Intercultural Language Education SIG (Facebook): https://www.facebook.com/groups/250536458398597/




Wherever I am, I haunt second-hand bookshops. There was a time I could navigate most cities I visited by their second-hand bookshops: Charing Cross Road in London, Homer Street in Vancouver, Leninski Prospekt in Moscow, Otago Street in Glasgow, Spittal Street in Stirling…

Probably the bookshops I fondly remember have long gone, but I’ve now found a cluster of them, sebos as they’re called here, in Sao Paulo, just along from FNAC in Pinheiros.

So I spend happy hours browsing. And last week I picked up a dog-eared, black-covered paperback called “A Primer of Visual Literacy”, written by someone with the unlikely name of Donis A. Dondis, and published by MIT Press in 1973. God only knows how it ended up in Sao Paulo, but that is the beauty of second-hand bookshops. The books have a mysterious history.

I’ve been reading “A Primer of Visual Literacy” with considerable interest and pleasure. This is a little surprising, since academic books of this nature tend to go out of date quickly. My publishers tell me they expect my textbooks to have a shelf-life of about three years, so finding something of relevance and use in a 40 year-old textbook is remarkable. But in fact some of the interest in the book is Ms Dondis’ prophetic instinct, in particular about the way photographs will change our means of communication:

“[The camera] forms the final connecting link between being able to see, and the external capability to report, interpret, express what we see, without having to have special talent or training to effect the process. There is little doubt that contemporary life style has been influenced, and crucially, by the changes enacted on it by the fact of the photograph. […] Print is not dead yet, nor will it ever be, but, nevertheless, our language-dominated culture has moved perceptibly toward the iconic. Most of what we know and learn, what we buy and believe, what we recognize and desire, is determined by the domination of the human psyche by the photograph. And it will be more so in the future.” (p.7)

This passage was written several decades before the advent of the internet and the smart phones that would allow everyone (without ‘special talent or training’) to chronicle their everyday lives, and those of their dogs, cats, children and lovers, and post them on Facebook or Instagram or Flickr, with just a truncated message or a symbolic smiley to indicate an attitude or a comment. We now spend much of our days navigating snapshots and ‘selfies’, images endlessly created and recycled, forwarded and then no doubt quickly forgotten. Donis A. Dondis’ view was that some basic training would improve the quality of our reception and production of images, and that this kind of training was becoming increasingly urgent. If that was true in 1973, it is surely even truer now. The importance of the visual in English Language education is evident in the interest shown in the upcoming Image Conference in Brasilia (which I would love to attend but doubt if I’ll be able to: see https://www.facebook.com/The.Image.Conference for details).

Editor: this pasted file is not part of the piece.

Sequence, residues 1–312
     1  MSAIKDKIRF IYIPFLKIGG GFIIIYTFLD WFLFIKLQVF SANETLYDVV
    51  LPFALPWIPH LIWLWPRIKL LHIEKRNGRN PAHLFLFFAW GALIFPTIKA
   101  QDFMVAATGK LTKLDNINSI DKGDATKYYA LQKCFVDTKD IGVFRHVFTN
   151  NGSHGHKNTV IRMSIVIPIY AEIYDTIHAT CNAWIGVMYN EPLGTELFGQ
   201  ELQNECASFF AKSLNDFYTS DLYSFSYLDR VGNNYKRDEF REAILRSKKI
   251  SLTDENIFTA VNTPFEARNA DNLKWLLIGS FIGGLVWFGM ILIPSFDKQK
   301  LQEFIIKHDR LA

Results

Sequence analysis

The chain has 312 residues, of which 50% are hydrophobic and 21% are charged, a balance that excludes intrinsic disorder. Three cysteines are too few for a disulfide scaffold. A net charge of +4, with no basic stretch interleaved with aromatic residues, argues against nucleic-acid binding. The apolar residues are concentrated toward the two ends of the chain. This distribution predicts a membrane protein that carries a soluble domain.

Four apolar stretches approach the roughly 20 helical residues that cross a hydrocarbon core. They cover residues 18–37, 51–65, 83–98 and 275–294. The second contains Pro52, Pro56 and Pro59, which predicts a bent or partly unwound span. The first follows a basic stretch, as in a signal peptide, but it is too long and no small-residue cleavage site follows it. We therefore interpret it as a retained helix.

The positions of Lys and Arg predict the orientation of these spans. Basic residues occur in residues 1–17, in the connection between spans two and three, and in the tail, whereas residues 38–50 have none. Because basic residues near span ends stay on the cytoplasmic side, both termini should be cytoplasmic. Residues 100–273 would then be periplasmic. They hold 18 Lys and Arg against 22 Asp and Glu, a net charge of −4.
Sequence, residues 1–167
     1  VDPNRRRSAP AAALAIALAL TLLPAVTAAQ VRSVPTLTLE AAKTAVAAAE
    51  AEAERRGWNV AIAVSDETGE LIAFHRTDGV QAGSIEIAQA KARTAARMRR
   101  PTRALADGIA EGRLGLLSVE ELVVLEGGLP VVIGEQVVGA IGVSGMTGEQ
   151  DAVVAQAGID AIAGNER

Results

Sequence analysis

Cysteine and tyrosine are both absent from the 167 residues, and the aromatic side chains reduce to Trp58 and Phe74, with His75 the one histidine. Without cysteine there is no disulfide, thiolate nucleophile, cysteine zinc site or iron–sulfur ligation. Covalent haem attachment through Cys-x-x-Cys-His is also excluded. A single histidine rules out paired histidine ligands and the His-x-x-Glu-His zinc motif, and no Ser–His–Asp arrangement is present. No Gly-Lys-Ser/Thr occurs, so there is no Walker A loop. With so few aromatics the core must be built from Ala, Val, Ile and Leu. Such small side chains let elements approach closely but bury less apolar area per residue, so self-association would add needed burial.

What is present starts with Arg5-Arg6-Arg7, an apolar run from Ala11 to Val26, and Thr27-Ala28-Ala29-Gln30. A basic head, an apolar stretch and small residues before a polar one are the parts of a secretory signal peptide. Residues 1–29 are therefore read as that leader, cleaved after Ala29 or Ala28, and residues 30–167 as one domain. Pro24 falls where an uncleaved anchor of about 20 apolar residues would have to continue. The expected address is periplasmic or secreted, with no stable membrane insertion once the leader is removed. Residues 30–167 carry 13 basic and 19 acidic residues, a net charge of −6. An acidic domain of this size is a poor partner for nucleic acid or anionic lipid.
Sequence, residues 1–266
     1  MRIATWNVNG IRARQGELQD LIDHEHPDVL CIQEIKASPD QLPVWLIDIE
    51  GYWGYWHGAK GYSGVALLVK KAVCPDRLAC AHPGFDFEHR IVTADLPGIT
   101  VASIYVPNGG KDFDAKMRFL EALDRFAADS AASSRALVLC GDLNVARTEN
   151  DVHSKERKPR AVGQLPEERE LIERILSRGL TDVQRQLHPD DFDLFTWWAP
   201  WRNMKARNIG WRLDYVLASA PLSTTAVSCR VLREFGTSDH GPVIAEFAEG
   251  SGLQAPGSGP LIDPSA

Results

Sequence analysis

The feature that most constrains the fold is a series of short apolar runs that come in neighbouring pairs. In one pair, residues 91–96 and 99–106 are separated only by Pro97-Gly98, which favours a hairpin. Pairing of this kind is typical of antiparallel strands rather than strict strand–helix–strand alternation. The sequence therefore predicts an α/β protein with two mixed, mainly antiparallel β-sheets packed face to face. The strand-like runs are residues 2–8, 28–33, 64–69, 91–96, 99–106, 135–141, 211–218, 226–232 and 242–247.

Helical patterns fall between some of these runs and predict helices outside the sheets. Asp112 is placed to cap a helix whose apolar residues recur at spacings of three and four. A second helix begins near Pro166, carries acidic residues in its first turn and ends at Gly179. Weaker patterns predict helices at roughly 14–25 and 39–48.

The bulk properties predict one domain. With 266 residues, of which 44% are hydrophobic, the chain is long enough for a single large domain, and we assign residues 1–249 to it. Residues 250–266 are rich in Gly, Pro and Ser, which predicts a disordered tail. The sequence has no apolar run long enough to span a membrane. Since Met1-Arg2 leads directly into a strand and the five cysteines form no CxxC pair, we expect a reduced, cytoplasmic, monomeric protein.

As her manual continues, it is clear that Ms Dondis takes a psychological – we would probably now say a ‘cognitive’ – approach to the processing of images. She considers how, across different cultures, the viewer tends to begin looking at the top mid part of an image, the eyes tracking down to the lower left before swinging back up to the right. This fundamental interaction with the image determines things like the flow of information, context and novelty, and (she argues) a sense of pleasing balance versus displeasing irregularity. How we compose elements of an image, either representational or abstract, is affected by this basic mode of engagement with the page, canvas or computer screen.

The book, unsurprisingly, is full of advice on achieving harmony or contrast by arranging the elements of an image. The notion of combining elements of an image into a meaningful whole is, of course, a grammatical one, and we can consider the manual a little descriptive (or even, at times prescriptive) grammar of visual communication; however, at one point in her discussion, Ms Dondis alludes directly to the subversive power of language teaching:

“There is a Berlitz approach to visual communication. You don’t have to learn to decline verbs or spell words or learn syntax. You learn by doing.” (p.37)

In other words, the learner does not necessarily acquire visual literacy by reading about symmetry, asymmetry, flatness, depth of field, perspective, distortion or colour saturation. The learner acquires visual literacy by picking up the phone (or the camera, or indeed the pack of crayons) and making images.

And yet, here I think, in visual literacy as well as in language education, there is much to be learned from the appropriate use of models. I’ve also recently been reading about the classic ‘street photography’ of Robert Doisneau, the French photographer who captured iconic images of Paris, particularly from the 1930s through the 1950s. There are numerous debates about the ‘authenticity’ of Doisneau’s images, and the extent to which they were constructed or composed, but there is little doubt that they feel spontaneous, and that they capture a world that now looks distant, even to those of us familiar with the French capital. The past, as the author L.P. Hartley observed, is also a foreign country.